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Shaking the foundations of Christianity?

The Da Vinci Code is an action packed thriller novel by Dan Brown which has become a best seller shortly to be made into a film. It is also a powerful attack on the foundations of Christianity. Of the book’s nearly 600 pages only a few have spiritual significance. I will ignore the story which is a compelling and exciting one (although very far fetched) involving murder in the Louvre, a police chase from Paris to London, secret societies, cracking codes and narrow escapes from death for the hero, Robert Langdon, a Harvard professor, and heroine, Sophie Neveu, a French code breaker.

The ‘behind the scenes’ antagonists in the book are the Priory of Sion, where it is claimed the secret of the ‘Sangreal’ (Holy Grail) has been hidden, and Opus Dei, a Catholic sect prepared to kill in order to discover and destroy this secret. In the introduction Brown claims that what he says about both groups is factual and that all descriptions of ‘artwork, architecture, documents and secret rituals in the novel are accurate’.

Claims of The Da Vinci Code

The Priory of Sion was founded in 1099 by the French king Godefroi de Bouillon. He was possessor of a powerful secret that had been in his family since the time of Christ and founded the Priory to preserve this secret, which was contained in documents hidden beneath the ruins of the Temple in Jerusalem. These documents had been retrieved by the Knights Templars during the Crusader time.

Knights Templars

The Templars became rich through the banking system they set up, but in 1307 Pope Clement issued sealed orders that they were heretics guilty of devil worship and claimed that God had told him to eliminate them. They were purged on orders from the Vatican but the documents were saved and entrusted to the Priory of Sion which is a secret society preserving the information from generation to generation. Leonardo da Vinci, Sir Isaac Newton and Victor Hugo were prominent members. (As a point of information Sir Isaac Newton was a Bible believing Christian who published articles on prophecy and the return of the Jewish people to Israel with a similar view to our own!) The documents reveal information about the Holy Grail, which is not (as is popularly believed) the cup that Jesus drank from at Last Supper in which Joseph of Arimathea caught his blood at the crucifixion.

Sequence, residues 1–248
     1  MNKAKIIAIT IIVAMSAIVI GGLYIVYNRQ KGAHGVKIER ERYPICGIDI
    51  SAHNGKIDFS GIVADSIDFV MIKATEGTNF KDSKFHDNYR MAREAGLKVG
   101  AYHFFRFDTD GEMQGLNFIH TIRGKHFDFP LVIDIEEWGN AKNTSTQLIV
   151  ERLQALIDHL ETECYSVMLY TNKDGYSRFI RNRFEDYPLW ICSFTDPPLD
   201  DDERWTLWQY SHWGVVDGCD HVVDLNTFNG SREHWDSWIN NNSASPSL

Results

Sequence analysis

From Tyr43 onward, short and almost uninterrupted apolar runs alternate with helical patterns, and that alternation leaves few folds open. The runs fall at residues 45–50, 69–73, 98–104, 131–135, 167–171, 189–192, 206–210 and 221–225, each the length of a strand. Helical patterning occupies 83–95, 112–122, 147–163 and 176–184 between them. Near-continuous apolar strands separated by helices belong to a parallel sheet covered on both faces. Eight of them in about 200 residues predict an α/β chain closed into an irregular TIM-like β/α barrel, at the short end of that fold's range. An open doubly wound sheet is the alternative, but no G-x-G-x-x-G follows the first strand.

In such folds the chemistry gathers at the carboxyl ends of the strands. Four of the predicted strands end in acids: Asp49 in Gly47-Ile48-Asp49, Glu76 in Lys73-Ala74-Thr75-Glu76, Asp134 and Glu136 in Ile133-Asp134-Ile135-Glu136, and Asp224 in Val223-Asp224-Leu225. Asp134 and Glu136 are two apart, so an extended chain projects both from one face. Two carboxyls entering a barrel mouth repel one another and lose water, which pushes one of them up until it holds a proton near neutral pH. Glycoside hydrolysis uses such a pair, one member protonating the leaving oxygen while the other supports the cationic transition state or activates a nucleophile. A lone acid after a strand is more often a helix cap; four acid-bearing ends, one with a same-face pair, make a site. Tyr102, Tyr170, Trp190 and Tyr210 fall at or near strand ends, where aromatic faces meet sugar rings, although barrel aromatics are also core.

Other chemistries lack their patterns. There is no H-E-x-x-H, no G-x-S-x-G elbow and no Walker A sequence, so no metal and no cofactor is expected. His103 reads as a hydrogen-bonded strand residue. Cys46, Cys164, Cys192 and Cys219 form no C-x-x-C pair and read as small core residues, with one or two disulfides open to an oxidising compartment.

The expression used for the Holy Grail is Sangreal, which in old French can be divided as san / greal (holy grail) or sang / real (royal blood). The real meaning of the Holy Grail is that it is the royal blood line of Jesus and Mary Magdalene who were married and had a child who was the ancestress of the French Merovingian kings. It turns out that Sophie Neveu is of this blood line at the end of the novel.

Council of Nicea

This has been suppressed from the time of the Council of Nicea in AD 325 when, under the influence of Roman Emperor Constantine, the New Testament was fixed with its present four Gospels which were selected from numerous other documents containing details of Jesus’ life. The other writings contain information about the alternative Jesus who was just a great man, married to Mary Magdalene. They were destroyed on the orders of the church.